I don't want to feel like people are imposing limits upon you.
If somebody comes to a neighborhood coffee hour, or goes to a discussion group, and they have a discussion, I do think that people really walk away with a real understanding of the issues.
We ought to be doing that with decent standard housing but if we have people who are absolutely on the streets in this case, I think it makes sense that tent cities are preferred to not having tent cities.
What's wrong is that we are not participating to make this the type of government it needs to be.
The end game is you change that law to making that law better, whichever law you're talking about.
I just feel like there hasn't been enough time away from all this other stuff and into this new world or sort of big world that it hasn't worn off yet.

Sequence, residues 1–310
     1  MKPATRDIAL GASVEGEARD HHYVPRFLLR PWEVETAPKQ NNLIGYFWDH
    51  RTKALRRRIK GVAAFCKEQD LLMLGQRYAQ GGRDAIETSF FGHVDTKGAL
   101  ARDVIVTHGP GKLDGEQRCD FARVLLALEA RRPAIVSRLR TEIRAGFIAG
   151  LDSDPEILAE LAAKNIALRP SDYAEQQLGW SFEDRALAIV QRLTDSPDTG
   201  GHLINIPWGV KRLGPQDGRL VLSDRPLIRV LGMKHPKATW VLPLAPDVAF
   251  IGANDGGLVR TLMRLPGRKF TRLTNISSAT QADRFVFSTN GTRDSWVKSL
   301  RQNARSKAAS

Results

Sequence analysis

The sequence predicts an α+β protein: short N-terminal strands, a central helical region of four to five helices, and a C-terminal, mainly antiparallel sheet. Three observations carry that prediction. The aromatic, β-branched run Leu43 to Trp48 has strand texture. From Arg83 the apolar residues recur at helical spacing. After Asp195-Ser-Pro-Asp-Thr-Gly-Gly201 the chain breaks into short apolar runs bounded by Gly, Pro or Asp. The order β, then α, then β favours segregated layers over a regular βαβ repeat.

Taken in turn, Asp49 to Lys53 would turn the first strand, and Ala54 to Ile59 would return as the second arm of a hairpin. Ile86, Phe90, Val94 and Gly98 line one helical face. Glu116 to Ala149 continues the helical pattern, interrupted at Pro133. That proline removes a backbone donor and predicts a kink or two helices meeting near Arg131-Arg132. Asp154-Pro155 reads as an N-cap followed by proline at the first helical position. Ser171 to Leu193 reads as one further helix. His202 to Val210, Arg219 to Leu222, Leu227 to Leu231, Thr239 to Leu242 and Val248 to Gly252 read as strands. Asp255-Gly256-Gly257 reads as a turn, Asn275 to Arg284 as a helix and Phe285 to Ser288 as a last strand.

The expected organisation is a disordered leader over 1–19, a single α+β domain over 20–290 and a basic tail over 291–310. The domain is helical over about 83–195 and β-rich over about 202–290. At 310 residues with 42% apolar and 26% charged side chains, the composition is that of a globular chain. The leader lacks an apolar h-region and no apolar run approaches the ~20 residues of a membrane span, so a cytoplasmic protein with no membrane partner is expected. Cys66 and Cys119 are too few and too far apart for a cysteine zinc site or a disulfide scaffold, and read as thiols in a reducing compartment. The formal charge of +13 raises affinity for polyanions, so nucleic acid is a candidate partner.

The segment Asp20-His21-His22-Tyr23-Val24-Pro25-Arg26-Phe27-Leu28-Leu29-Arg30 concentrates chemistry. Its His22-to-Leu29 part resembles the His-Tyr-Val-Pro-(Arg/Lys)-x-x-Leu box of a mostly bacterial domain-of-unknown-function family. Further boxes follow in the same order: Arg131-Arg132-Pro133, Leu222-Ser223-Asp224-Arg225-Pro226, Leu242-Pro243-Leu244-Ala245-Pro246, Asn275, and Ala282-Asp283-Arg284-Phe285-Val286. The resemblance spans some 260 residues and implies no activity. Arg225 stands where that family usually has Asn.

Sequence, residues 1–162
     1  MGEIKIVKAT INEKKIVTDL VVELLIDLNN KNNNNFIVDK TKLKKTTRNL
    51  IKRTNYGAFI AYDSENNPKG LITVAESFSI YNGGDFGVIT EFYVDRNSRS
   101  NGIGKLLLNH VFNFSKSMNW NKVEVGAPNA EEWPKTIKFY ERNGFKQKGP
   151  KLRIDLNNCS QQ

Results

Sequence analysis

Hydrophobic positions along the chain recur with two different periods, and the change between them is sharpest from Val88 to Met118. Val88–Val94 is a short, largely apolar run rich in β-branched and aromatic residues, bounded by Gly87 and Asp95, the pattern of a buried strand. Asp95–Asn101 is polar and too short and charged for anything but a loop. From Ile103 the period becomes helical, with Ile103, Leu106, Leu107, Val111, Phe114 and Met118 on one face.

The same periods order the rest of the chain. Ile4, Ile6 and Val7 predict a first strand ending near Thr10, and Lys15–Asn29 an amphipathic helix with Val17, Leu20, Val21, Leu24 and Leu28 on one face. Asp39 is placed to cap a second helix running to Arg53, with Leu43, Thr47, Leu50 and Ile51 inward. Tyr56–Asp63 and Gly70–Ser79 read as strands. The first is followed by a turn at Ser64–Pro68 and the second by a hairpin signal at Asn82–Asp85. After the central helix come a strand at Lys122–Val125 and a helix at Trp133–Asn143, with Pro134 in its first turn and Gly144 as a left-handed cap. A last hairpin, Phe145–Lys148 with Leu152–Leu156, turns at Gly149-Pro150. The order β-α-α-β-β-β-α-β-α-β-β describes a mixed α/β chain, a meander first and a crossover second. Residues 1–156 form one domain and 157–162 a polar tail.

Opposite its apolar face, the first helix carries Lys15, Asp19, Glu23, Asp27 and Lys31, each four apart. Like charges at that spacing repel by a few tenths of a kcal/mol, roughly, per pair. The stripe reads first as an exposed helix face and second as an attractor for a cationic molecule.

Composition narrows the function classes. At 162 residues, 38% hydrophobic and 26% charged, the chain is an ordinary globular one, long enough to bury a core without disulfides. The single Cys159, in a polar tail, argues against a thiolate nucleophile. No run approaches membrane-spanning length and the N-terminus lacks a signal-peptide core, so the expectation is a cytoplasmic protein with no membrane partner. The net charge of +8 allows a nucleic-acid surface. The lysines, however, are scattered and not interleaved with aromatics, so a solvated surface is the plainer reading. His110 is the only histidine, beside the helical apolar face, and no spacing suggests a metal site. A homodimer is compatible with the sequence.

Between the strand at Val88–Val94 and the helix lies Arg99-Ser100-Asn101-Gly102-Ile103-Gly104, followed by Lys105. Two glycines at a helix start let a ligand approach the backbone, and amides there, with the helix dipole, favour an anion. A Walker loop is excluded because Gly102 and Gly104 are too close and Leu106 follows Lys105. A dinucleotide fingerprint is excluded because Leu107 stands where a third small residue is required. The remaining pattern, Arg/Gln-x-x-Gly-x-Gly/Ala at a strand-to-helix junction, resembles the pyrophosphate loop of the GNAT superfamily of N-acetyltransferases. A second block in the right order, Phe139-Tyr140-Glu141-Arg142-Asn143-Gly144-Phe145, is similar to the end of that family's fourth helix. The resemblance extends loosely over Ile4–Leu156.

I think a lot of it is that we used to tour so much that we never really had time to write songs.
Well, we played with Soul Coughing once for like two days, that was pretty cool. I mean they were all good, you can pull a great experience from everything.
The Fairness Project is endeavoring to try to do what we can to make a fairer society.
Believing that our greatest need is for the general public to be able to get better information, to have an opportunity to learn better the real issues of the less fortunate, we centered the activities of the Fairness Project on that.
I think the market driven economic system is the most productive system, but to have that work in the world, you've got to also have social investments to go along with that.
Well lately I have listening to a lot of movie soundtracks.
We wanted to sit down and conceptually work out songs.
We listened to a lot of Rolling Stones and Beatles records when we were recording. They were really good at not playing loud, but generating really big sounds out of everything.
You can say that Wayne Coyne sounds like Neil Young.